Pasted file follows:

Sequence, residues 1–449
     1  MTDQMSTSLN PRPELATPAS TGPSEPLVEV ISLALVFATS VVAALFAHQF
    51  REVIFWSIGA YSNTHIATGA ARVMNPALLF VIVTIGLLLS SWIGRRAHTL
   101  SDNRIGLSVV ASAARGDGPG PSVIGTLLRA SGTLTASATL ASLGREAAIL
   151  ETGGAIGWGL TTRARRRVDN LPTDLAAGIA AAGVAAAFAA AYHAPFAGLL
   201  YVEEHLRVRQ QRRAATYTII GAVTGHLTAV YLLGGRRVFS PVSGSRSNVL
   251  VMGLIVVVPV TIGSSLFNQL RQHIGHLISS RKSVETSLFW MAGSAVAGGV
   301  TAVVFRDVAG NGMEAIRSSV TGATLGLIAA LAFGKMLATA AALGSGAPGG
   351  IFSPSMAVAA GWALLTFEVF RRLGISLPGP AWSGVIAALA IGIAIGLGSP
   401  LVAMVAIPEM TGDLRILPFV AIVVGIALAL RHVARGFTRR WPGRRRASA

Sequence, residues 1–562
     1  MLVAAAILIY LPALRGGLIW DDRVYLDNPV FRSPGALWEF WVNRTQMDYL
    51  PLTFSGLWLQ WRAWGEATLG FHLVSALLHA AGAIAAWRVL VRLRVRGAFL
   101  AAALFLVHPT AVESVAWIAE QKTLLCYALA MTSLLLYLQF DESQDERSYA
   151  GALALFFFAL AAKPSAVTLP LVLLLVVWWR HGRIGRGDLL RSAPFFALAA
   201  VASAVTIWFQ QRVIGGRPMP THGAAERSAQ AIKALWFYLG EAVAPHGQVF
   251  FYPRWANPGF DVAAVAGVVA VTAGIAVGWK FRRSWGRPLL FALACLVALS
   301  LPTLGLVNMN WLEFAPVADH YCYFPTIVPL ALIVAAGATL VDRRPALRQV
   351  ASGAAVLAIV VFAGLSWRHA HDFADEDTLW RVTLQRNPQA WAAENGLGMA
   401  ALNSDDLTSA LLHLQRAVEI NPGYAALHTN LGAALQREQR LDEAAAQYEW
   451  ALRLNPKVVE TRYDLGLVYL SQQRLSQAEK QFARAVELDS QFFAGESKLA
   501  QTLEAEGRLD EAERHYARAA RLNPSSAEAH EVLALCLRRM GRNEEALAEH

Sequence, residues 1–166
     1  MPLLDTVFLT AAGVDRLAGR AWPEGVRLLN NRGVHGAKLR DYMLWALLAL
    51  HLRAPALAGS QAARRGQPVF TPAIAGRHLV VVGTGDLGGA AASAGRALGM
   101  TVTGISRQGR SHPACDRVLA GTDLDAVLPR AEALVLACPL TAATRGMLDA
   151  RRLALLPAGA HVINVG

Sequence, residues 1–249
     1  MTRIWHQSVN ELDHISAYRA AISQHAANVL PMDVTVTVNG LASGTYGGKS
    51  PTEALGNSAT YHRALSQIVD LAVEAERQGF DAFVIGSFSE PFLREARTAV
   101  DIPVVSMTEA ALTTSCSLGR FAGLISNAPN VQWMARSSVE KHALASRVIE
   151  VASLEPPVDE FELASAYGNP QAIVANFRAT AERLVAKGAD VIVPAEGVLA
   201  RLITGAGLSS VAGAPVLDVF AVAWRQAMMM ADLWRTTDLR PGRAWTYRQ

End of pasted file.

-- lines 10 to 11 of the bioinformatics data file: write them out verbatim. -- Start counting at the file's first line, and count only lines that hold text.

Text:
   401  LVAMVAIPEM TGDLRILPFV AIVVGIALAL RHVARGFTRR WPGRRRASA

Sequence, residues 1–562